The source is my grandmother. She has shared with our family for many years remarkable and faith promoting stories of her years as Hugh B. Brown’s secretary. She is still alive and preserved this letter as a sacred keepsake of her time as his secretary not knowing the powerful relevance that it would have to her posterity. I can understand the hesitation and caution in accepting such a letter and I believe it wise to question. The best I can do is add my witness in addition to my brother’s as to the origin of the letter and my grandmother’s position as Hugh B Browns Secretary.

  • tubaloth

    There is a download link to see a copy of the letter the grandmother had.

    I’m not really sure how this could be verified beyond what has been told here. (Unless the person the letter was sent to has some copy too).
    To me that is good enough.

  • Briody

    I enjoyed the article. I wonder why it’s titled: “Never-Before-Seen Letter on Doubt By Hugh B. Brown”. Since obviously some people have seen it. Maybe it should be “Seldom Seen”. Anyways, I also am cautious about accepting such a letter without knowing its origins or validity.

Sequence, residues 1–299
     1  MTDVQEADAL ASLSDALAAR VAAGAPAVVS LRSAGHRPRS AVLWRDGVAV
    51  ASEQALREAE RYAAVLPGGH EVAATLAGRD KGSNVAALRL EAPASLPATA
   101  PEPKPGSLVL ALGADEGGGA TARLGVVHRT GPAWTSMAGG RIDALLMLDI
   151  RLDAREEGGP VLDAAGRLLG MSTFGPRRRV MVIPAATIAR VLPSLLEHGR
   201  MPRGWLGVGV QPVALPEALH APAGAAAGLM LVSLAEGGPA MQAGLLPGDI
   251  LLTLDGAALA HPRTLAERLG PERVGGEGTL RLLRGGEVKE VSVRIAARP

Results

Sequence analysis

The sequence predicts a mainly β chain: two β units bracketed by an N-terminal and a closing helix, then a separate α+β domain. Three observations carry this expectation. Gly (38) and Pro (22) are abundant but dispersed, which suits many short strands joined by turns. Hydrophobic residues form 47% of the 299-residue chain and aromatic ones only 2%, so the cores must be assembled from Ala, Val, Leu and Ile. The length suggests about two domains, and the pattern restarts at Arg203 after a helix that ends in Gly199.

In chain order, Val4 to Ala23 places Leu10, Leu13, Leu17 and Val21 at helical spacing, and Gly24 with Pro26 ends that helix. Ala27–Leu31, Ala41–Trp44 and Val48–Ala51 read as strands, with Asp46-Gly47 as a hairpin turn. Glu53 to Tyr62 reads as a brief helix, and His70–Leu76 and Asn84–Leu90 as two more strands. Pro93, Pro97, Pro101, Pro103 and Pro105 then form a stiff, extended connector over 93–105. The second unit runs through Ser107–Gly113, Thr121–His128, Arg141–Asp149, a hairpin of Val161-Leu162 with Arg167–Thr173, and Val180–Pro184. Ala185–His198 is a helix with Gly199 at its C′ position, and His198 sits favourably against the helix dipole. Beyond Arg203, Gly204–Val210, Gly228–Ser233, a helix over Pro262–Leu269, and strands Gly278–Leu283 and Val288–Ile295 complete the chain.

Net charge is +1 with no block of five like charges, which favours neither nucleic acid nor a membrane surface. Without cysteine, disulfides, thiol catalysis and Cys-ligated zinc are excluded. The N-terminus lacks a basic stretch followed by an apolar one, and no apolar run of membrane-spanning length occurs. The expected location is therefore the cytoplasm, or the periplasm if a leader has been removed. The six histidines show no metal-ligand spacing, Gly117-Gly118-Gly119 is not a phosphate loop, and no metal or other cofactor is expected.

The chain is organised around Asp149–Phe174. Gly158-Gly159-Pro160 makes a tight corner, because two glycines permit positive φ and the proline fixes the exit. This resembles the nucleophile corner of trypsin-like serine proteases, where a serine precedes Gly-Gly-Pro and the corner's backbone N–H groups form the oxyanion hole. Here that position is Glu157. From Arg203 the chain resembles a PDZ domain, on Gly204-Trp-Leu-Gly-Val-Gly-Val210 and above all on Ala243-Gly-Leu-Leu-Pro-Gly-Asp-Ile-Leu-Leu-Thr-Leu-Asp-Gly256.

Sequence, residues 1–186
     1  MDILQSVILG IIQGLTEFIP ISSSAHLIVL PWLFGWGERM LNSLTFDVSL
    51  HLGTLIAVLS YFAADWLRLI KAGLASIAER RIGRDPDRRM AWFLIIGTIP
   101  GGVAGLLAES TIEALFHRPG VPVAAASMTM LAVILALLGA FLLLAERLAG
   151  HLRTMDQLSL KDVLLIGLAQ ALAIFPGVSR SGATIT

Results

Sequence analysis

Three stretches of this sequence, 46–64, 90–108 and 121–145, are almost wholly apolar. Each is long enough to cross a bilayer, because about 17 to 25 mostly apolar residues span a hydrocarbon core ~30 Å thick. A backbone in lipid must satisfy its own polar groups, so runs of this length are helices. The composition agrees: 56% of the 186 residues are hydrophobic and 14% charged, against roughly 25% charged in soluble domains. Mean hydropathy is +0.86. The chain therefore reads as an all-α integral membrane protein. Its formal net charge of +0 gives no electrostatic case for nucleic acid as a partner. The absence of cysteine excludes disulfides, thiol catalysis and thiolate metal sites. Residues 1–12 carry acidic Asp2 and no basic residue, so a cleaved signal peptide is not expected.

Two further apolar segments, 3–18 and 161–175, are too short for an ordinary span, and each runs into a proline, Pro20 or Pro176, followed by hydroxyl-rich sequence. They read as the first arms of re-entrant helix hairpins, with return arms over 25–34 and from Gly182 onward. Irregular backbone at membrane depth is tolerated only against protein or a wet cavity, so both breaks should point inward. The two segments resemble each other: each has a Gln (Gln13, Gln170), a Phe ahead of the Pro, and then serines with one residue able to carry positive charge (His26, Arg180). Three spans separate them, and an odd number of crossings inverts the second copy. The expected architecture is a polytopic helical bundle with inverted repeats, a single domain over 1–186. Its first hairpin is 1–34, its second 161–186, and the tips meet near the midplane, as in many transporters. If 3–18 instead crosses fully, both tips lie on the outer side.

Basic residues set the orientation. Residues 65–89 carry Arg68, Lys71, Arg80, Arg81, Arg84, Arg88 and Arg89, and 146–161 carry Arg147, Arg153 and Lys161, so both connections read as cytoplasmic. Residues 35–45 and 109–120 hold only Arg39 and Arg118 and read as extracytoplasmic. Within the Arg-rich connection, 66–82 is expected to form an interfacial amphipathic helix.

• Gale

    We’ve added a history and a downloadable PDF of the original letter.

  • Awesome letter. Anyone know the source?

  • Fred Zundel

    Forgive my caution, but what is the source of this letter? Where can I go to confirm its authenticity? it’s a great letter and timely in light of current discussions. Just want to make sure its the real deal. Fred

  • Marc

    What is the provenance of this letter? Is it in private possession?

  • Any chance to see copies of the original letter?